GLASGOW, Scotland — Throughout the last week and a half, Indigenous peoples from around the world have been leading protests at the COP26 climate summit. On Tuesday, their aim was specific: They staged a memorial to draw attention to the connection between the oil and mining industries and the ongoing violence toward Indigenous women and queer, transgender and two-spirit people.
“Indigenous women have been viewed as disposable, consumable, much in the way Mother Earth has been treated as a consumable resource,” said activist Cheghajimixw, also known as Ta’Kaiya Blaney, from Canada’s Tla’amin Nation. “We’re here to make sure that the voices of the women we’ve lost are heard, and that those responsible for their disappearance know we are here.”
Indigenous women around the world face a significantly higher murder rate compared to other groups. In the United States, Indigenous women face murder rates that are 10 times higher than the national average. And in Canada, Indigenous women accounted for 16 percent of female homicides between 1980 and 2012, but only 4 percent of the population.
Advocates within Indigenous communities say this violence is exacerbated by extractive industries such as fossil fuels, logging and mining. According to Casey Camp-Horinek, Ponca Nation’s environmental ambassador, “man camps” move through Indigenous communities with little accountability, which can pose dangers to women in those communities — tribes don’t have jurisdiction over missing and murdered cases. “They just look at us as disposable,” she said.
Indeed, the influx of a male-dominated transient workforce in Indigenous territories correlate with increased rates of sexual violence, sexually transmitted diseases and human trafficking. The link between resource extraction and violence against Indigenous women, girls and two-spirit people is an extensively documented phenomenon, such that in Canada, the National Inquiry into Missing and Murdered Indigenous Women and Girls made a recommendation that before a resource development project is approved, it must be assessed for the risks it poses to Indigenous women and LGBTQ individuals.
“The oil and gas industry, the polluters, those who are mining and destroying our Mother Earth, we hold them accountable for the harms that they are doing our homeland, to our earth and to the women of our communities,” said Bineshi Albert, from the Yucci and Anishinaabe communities and who is protesting in Glasgow. “We’re here to say: not one more.”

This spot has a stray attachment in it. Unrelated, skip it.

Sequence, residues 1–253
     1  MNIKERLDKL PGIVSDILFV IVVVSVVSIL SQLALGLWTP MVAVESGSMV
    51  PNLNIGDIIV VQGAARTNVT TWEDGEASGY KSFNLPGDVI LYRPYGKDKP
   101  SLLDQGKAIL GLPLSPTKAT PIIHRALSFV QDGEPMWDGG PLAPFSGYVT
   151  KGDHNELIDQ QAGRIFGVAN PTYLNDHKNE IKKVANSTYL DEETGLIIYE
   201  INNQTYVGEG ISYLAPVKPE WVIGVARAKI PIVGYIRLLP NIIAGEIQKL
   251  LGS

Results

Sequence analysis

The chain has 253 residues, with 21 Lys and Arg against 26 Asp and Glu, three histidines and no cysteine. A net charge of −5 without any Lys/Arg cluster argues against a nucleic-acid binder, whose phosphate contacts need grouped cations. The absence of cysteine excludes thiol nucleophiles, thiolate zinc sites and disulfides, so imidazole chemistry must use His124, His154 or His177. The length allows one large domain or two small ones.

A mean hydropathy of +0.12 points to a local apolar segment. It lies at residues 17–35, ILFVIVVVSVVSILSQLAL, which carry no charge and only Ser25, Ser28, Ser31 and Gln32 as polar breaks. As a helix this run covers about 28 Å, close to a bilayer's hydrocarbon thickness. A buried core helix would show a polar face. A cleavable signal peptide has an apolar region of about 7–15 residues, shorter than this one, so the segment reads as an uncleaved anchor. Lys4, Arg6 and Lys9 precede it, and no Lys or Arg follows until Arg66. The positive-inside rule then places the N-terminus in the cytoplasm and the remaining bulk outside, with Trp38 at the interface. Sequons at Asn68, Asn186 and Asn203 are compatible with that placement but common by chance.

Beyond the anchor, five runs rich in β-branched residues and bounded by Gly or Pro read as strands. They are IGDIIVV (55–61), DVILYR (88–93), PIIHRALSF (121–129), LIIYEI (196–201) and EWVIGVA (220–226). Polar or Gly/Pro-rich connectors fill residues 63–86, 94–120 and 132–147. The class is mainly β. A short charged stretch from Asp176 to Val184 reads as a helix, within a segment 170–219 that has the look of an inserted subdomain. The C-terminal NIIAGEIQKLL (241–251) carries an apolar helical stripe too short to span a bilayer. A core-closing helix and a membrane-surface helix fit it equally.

The Indigenous groups gathered within the blue zone at COP26, an area reserved for those participating in the conference, before marching out onto the nearby streets where they were met with crowds in the hundreds. Indigenous groups wore red to remember those whose lives were taken.
The memorial was held on COP26’s gender day, which recognizes the impact of the climate crisis on women and calls for integrating gender equality into climate policy and action. This has been a fraught topic at the talks; groups representing Indigenous communities, women and LGBTQ individuals have said they have been shut out of key negotiations. As Casey Camp-Horinek pointed out, the largest delegation at COP26 belongs to the fossil fuel industry.
But marginalized groups have the most at stake when it comes to the climate crisis: Experts say that women and girls stand to be disproportionately impacted by climate change. In addition to sexual violence, women are more exposed to economic instability, displacement and death, and girls could be subject to removal from school or early marriage.
Women activists fighting for Indigenous, environmental and gender rights also face significant threats for their work. Such violence has increasingly gained international attention; in 2016, Berta Cáceres, a prominent environmental rights activist in Honduras, was assassinated, leading to global outcry about the murdering of Indigenous women activists.
“Indigenous women are the primary line of defense against the violence perpetuated by extractive industries on our territories,” said Mireya Gualinga, member of the government advisory board of the Kichwa Community of Sarayaku, Ecuador. “We defend with our own bodies the health of our families, communities and lands, and we fight every day against the colonialist exploitation of multinationals from the global North.”
Some activists are hopeful that governments are paying more attention to the issue, from a new Missing & Murdered Unit under the Bureau of Indian Affairs in the United States to a plan in Canada released earlier this year to address the violence. But many women at the memorial said they are tired of having to share their stories over and over again without seeing action from world leaders.
“This morning, I woke up knowing this event was coming and asked for strength to tell you about the ones just in our territory alone that are never cared for,” said Camp-Horinek, who teared up as she spoke. But Camp-Horinek is not giving up, she said: Young people give her hope.
“People are going to rise like the water,” she said. “They’re going to calm this crisis down.”